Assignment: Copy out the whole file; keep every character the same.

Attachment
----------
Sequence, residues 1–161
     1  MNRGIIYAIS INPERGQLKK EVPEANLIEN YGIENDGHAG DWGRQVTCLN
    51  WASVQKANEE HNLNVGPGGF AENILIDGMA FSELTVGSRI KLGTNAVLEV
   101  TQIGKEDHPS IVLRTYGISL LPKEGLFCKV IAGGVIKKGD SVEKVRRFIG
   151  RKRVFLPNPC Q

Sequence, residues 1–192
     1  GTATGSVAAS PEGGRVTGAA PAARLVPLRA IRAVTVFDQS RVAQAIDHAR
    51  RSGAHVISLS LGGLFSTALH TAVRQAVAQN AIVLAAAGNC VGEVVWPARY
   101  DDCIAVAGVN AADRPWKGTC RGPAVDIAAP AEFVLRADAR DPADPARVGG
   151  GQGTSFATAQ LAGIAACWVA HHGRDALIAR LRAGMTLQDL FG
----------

Sequence, residues 1–161
     1  MNRGIIYAIS INPERGQLKK EVPEANLIEN YGIENDGHAG DWGRQVTCLN
    51  WASVQKANEE HNLNVGPGGF AENILIDGMA FSELTVGSRI KLGTNAVLEV
   101  TQIGKEDHPS IVLRTYGISL LPKEGLFCKV IAGGVIKKGD SVEKVRRFIG
   151  RKRVFLPNPC Q

Sequence, residues 1–192
     1  GTATGSVAAS PEGGRVTGAA PAARLVPLRA IRAVTVFDQS RVAQAIDHAR
    51  RSGAHVISLS LGGLFSTALH TAVRQAVAQN AIVLAAAGNC VGEVVWPARY
   101  DDCIAVAGVN AADRPWKGTC RGPAVDIAAP AEFVLRADAR DPADPARVGG
   151  GQGTSFATAQ LAGIAACWVA HHGRDALIAR LRAGMTLQDL FG